Stick in the Fridge

Fiction by | June 21, 2015

Artwork by Nina Maria Alvarez

Pat loves her Papa so much, she follows him everywhere.

When her father goes to the living room to watch the evening news, she sits in his lap and leans on his chest. She loves it when her Papa carries her to bed when she falls asleep. She is not afraid of monsters under her bed because she knows her Papa is still awake and is just one cry away.

Whenever she becomes thirsty in the middle of the night or wants to pee, she carefully walks her way to the bathroom near their front door. Nerves set in when she reaches the stairs but she becomes calm when she smells the familiar smoke. It’s her father smoking in front of their house. Pat thinks that her father has been guarding them from monsters and thieves.

One night, she opens the door and runs to her Papa. He quickly sways his hand with a cigarette away from his daughter and asks, “Why are you still awake?”

“I’m thirsty,” she replied.

“Get some water and then go straight to your room, okay?”

“Do you mind if I stay here with you for a while?” Pat asks him.

“I’m sorry Pat, but get back to sleep now or you’ll stop growing,” he puts his cigarette stick on a flower pot and opens the door for Pat.

She enters the house disappointed, but turns around anyway to say, “Goodnight, Pa. I love you.”

“I love you too, Pat,” he picks up his cigarette stick and begins to smoke again.

Pat stays on the other side of the screen door and observes her father. She wonders why he wants to be alone at night and why he always smokes.

Her mom wakes her up in the morning and they pray together. She helps Pat fix her bed and before going downstairs, she combs her hair and puts her favorite clips. They walk to the dining table for breakfast where there is always coffee and a newspaper for her Papa. Sometimes he gets to read this, sometimes he just rushes to work.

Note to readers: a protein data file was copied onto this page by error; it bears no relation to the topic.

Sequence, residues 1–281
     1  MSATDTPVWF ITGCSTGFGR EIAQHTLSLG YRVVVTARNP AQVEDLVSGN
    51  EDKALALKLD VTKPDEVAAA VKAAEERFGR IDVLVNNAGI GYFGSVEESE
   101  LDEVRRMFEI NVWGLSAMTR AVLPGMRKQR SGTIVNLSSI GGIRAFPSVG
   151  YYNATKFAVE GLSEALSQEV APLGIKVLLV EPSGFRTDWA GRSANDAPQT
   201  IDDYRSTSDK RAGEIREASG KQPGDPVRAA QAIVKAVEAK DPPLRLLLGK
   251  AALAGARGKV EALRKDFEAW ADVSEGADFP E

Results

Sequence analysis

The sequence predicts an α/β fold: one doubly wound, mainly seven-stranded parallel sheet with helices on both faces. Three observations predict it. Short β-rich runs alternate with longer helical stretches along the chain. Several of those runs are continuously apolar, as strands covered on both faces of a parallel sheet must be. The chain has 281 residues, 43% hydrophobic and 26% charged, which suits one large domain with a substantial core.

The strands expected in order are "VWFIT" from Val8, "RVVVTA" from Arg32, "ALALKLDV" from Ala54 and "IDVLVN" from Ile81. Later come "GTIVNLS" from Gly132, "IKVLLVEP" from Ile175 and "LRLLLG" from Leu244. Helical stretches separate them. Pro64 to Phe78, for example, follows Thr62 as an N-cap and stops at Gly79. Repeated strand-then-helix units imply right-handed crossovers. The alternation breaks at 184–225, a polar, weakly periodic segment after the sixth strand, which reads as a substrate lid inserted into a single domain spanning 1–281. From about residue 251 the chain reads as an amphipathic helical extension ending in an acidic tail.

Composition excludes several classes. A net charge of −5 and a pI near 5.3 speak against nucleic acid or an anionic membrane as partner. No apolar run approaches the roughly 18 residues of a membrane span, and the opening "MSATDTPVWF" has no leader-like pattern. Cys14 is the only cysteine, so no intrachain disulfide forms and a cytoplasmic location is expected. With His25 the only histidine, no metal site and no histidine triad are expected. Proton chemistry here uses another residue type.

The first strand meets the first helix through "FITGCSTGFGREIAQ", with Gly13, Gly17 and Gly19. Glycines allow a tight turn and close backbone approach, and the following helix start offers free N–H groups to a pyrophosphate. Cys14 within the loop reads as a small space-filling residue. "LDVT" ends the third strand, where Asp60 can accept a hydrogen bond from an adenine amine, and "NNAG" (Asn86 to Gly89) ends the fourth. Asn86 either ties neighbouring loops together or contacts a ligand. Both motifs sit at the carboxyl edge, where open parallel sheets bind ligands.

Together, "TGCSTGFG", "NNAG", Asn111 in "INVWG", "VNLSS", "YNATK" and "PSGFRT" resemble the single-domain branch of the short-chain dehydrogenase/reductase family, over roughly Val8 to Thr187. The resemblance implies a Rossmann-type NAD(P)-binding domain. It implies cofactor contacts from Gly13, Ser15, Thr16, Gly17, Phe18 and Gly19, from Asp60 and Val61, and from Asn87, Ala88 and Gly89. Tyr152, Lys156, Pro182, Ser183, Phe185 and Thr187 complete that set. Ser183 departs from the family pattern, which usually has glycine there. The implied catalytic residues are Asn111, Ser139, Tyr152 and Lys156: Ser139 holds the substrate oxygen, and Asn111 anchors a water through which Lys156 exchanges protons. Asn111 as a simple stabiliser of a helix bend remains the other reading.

“Where is Papa, Ma?” She stares at the stairs hoping to see him.

“He’s gone to work early,” her mom says coldly.

Pat knows her mother is not in the mood for talking because of how she looks away whenever she starts asking about things. So Pat just goes outside and plays in the yard.

Day after day, she just plays in the yard. Morning after morning, she asks her mother about her Papa. She gets the same answer. She becomes afraid now. She refuses to pee until her stomach hurts because Papa isn’t there to protect her. She watches the evening news even though she can hardly understand it.

One day, while playing in their yard, she sees an unused cigarette stick in the middle of two flower pots. She looks around and makes sure that nobody is watching. She grabs the stick and puts it in her pocket. She hurriedly goes inside their house and thinks of a hiding place.

She goes to the bathroom and tries to put it behind the mirror.

“No, mom cleans the bathroom every day, she might see this.”

She rushes to her room and covers it with her pillow.

“No, I might crush it. Papa won’t be able to use it anymore.”

She glides to the living room and sees a vase and peers inside it.

“No, it’s too dusty.”

She gets tired while heading to the kitchen, but she knows she can’t move slower because her mother might finish the laundry already. She needs to decide, and just as she runs out of ideas, she sees the fridge.

“Mama never saw my candies whenever I put it them underneath the egg rack.”

So she opens the fridge and squeezes her tiny hands to reach the bottom of the rack. She rolls the stick in and closes the fridge as silently as she can.

“I hope Papa comes home soon before Mama finds out.” She sighs, and although she feels a little bit afraid that her mother might scold her, she goes back to the yard.